Woman needing a liver gets transplant from pig But patient dies before she can get a human one

October 13, 1992|By Los Angeles Daily News

LOS ANGELES -- Surgeons transplanted a pig's liver into a Burbank, Calif., woman's body to keep her alive for a few critical hours before a human donor organ became available, but the woman died, officials said.

Susan Fowler, 26, died before she was to undergo surgery late last night to replace the pig liver she had received Sunday, said Ron Wise, a spokesman for Cedars-Sinai Medical Center.

"As they were getting ready to bring her into the operating room, there was a sudden decline in her condition," Mr. Wise said. "By the time she arrived in the operating room she was far too unstable to perform surgery on."

The cause of her death was not released by officials.

The transplant team of doctors was slated to discuss the case today at a news conference.

Mr. Wise said when a human liver could not be found for the woman, a pig-liver transplant was performed Sunday over an eight-hour period.

A suitable human liver was found in Utah and arrived yesterday in Los Angeles, Mr. Wise said.

Sunday was the first time a pig's liver has been transplanted into a human, but other animal organs have been used in people.

Doctors decided to use the pig liver only after a nationwide search failed to find a human donor and Ms. Fowler's health deteriorated to the point where she lapsed into a coma, Mr. Wise said.

"She was literally hours from death [before the pig-liver transplant]," Mr. Wise said. "It was done only as a bridge, as a last step to save this woman's life."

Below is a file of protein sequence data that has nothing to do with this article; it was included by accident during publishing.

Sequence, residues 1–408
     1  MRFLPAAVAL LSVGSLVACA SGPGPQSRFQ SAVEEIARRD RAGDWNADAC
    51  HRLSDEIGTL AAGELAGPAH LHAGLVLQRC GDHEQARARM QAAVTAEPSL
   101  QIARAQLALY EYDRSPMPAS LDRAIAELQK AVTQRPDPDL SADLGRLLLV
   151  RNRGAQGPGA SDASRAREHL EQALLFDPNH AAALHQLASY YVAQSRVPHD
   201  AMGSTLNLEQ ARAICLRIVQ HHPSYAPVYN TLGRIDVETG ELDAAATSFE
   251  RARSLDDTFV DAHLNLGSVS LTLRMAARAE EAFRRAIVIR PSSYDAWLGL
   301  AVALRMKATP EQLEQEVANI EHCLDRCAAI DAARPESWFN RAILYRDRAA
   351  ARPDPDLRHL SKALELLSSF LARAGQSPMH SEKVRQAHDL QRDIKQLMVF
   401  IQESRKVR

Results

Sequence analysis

By yesterday, the pig's liver was functioning inside her, although Ms. Fowler, who suffered from a childhood liver ailment, remained in critical condition as she was readied for surgery, Mr. Wise said.

Authorities on organ transplants hailed Sunday's operation as a significant advance in saving human lives, but animal-rights activists condemned the transplant as cruel and unnecessary.

Within hours of Cedars-Sinai's announcement yesterday, People for the Ethical Treatment of Animals announced that it plans to stage a protest outside the hospital.

Dan Mathews, a spokesman for the animal-rights group, said he suspected doctors did not work hard to find a human liver before they transplanted the pig liver.

Dr. Robert Mendez, director of the Southern California Organ Procurement Center, dismissed the criticism from animal-rights groups.

"This is just another step forward for the community, the medical and human community," he said.

In Ms. Fowler's case, it would be unfair for animal-rights activists to subject the doctors to criticism because they used a pig's liver and not one from an endangered animal or primate, Dr. Mendez said.

Dr. Mendez said Cedars-Sinai's decision to use the pig liver underscores the scarcity of donated human livers.

"Between 20 percent and 25 percent of all potential liver recipients die prior to their ability to obtain a human organ," the doctor said.

There were 2,952 liver transplants in the United States last year, and 71.6 percent of the patients were alive a year after the operation, Dr. Mendez said.

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